I’ve also written and reviewed enough academic papers to know the difference between a sound and convincing argument and someone trying to pull a fast one.
There have been a number of critical responses and refutations of many antipsychiatry works, including of PBM. Most take the form of relatively short blog posts or book reviews. To be honest, most practitioners are too busy to devote time to even reading 300 pages from what they perceive as a lunatic fringe.
I wasn’t aware of anyone that had more thoroughly deconstructed the arguments and fallacies used in a substantial work of modern antipsychiatry. And I also still didn’t fully appreciate why antipsychiatry was so completely uncompromising in its stance.
So why take this on? It sounded like something intellectually interesting to work on, that I hope may actually help people. I hope it highlights the difference between constructive critique and extremism. I hope it encourages some people to think about psychiatry from multiple perspectives. And I hope it dulls some of the scaremongering that discourages too many people from considering helpful treatments.
Topics to be Addressed
This article is not going to be a review of every argument used by antipsychiatry, or every argument in PBM. For one thing, this is an unpaid side project and I definitely don’t have the time for a more comprehensive review or critique.
For another, I don’t have enough knowledge and familiarity with certain practices in psychiatry to be able to intelligently comment on them. So I will try to restrict myself to topics that I feel confident to be able to address. This includes both arguments from PBM that I feel are flawed, but also deficiencies in psychiatry, many raised in PBM, that appear to me to need serious improvement.
I will, however, be addressing some of the key arguments used in PBM to claim that psychiatry is 100% flawed. So while this will be far from complete, I think it touches on some (but not all) of the major, overarching issues.
Moving forward in this article, I’ll start by enumerating many of the topics in PBM that I agree with (and a few others). I think the work that psychiatric survivors and other movements have done in terms of bringing critical flaws and abuses in psychiatry to light is incredibly valuable. It is also a viewpoint that I wish was better integrated into a more honest, open discussion with psychiatry practitioners. This appears to be a point of departure with antipsychiatry.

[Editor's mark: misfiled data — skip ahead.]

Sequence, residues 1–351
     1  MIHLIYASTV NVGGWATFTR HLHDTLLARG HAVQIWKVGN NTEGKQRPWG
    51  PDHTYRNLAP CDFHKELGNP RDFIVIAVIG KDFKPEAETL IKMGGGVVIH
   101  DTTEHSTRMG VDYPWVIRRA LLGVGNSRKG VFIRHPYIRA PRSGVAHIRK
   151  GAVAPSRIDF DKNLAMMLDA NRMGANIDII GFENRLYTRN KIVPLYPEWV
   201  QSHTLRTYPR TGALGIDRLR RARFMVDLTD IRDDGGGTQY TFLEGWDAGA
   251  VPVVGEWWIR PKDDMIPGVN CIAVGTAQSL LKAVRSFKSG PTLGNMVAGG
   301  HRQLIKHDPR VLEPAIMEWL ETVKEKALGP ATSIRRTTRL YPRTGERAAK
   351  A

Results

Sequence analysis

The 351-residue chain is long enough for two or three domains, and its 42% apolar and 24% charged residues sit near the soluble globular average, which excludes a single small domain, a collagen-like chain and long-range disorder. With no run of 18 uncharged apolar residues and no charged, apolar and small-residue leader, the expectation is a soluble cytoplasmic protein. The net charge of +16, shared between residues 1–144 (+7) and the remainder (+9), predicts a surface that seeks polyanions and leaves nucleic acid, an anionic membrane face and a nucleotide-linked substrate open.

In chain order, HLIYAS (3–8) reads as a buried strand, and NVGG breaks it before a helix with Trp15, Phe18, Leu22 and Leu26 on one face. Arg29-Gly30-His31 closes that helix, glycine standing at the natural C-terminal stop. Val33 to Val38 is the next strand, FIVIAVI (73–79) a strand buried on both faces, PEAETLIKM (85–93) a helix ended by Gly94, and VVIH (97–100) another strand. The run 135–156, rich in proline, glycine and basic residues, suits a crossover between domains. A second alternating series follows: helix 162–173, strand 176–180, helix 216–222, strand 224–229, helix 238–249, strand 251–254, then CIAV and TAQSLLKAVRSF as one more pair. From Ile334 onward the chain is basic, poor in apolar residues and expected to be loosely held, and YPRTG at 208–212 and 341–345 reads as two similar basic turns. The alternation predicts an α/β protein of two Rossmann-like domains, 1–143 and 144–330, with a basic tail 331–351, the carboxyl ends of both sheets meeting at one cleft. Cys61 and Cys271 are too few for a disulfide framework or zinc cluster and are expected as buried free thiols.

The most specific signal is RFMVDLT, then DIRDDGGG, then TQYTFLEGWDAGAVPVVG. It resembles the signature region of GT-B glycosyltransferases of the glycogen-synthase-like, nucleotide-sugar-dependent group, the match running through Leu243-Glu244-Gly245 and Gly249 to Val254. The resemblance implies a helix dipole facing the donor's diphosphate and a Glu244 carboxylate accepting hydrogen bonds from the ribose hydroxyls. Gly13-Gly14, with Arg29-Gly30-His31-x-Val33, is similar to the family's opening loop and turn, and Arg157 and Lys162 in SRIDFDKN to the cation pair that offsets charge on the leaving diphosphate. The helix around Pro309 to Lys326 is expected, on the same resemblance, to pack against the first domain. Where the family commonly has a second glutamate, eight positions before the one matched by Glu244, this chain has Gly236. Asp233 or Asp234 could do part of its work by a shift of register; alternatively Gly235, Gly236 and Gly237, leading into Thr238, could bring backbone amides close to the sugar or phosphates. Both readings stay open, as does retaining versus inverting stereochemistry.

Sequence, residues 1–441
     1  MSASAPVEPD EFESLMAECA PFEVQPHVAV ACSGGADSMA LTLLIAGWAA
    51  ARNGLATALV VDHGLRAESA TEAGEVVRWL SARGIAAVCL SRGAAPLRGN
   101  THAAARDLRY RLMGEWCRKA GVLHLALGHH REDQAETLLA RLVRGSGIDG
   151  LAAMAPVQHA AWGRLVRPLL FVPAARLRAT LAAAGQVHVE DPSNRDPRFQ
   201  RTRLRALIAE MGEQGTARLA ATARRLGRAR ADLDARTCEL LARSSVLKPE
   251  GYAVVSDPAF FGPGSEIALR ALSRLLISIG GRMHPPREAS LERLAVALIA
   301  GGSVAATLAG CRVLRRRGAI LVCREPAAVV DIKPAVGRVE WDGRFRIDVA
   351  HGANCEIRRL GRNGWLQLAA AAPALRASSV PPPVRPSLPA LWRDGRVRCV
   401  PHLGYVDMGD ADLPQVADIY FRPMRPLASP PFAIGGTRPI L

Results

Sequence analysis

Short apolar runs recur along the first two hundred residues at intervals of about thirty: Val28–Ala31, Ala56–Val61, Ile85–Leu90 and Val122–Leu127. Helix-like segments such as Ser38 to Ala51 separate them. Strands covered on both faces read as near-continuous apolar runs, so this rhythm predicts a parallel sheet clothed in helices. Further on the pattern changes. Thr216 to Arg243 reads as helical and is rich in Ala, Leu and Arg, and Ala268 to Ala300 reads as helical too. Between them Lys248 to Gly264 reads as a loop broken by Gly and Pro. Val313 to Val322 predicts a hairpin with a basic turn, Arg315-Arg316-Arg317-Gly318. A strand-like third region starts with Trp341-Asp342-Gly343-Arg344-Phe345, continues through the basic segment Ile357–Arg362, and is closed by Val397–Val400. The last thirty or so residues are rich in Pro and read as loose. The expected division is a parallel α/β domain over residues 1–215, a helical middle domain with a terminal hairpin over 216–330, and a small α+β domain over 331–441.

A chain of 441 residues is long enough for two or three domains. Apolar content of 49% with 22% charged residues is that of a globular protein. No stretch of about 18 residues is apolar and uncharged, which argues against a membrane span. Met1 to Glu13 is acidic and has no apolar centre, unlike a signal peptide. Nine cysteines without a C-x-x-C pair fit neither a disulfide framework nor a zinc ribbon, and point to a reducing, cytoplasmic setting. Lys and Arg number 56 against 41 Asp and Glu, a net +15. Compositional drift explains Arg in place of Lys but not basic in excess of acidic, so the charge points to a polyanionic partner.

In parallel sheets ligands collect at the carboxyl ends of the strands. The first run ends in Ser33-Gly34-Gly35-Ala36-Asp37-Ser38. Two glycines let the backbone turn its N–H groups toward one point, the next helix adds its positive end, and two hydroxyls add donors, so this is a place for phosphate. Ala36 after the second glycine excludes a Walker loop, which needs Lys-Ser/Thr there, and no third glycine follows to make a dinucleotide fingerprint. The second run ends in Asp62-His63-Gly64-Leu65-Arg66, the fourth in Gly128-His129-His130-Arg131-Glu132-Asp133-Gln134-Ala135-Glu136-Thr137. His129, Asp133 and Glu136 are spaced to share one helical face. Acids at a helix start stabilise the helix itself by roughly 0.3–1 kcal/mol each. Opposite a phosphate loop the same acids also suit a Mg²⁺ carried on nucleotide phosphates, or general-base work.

The next section will argue that despite its rigorous, academic appearance, PBM is written with the primary goal of persuading, and not informing the reader. The form, style and content of the writing is designed to remove any doubts from the minds of readers about its claims. The overpowering use of selective, one-sided references primes the reader so that they are more likely to believe the more error-prone and hyperbolic arguments. And attracting fervent believers is exactly what this book is trying to accomplish.
The next several sections tackle a number of the key arguments, used in PBM to discredit psychiatry in its entirety. These include arguments about mental illness having no basis in reality and being arbitrarily created, that psychotropic medications are necessarily harmful, and the exaggerated reductionism expressed as biological psychiatry. I will outline the arguments used, and explain the errors and misrepresentations inherent in them. I will also delve briefly into the practical concerns around involuntary commitment and treatment and how it does (or does not) affect people today.
I will then turn to the preliminary solution to the psychiatry problem that PBM proposes. A lack of alternative solutions has long been a criticism of antipsychiatry, so it is notable that PBM offers one. However, as we explore the proposal, we will see that while explicitly utopian in nature, it rests on problematic and highly unlikely foundations. We will understand better, however, the reasoning behind antipsychiatry’s “all or nothing” approach.
An Invitation to the Reader
Unlike those in the antipsychiatry community, I would explicitly welcome comments, suggestions, corrections and criticisms of this article. I see it now as being in a preliminary form, and expect to revise it over time with your feedback.
As I do hope to incorporate your ideas and suggestions into future versions, before sending any comments etc. to me, I’d ask you to please carefully read the information on commenting, so that we can agree on if and how you might be willing to share your thoughts with others.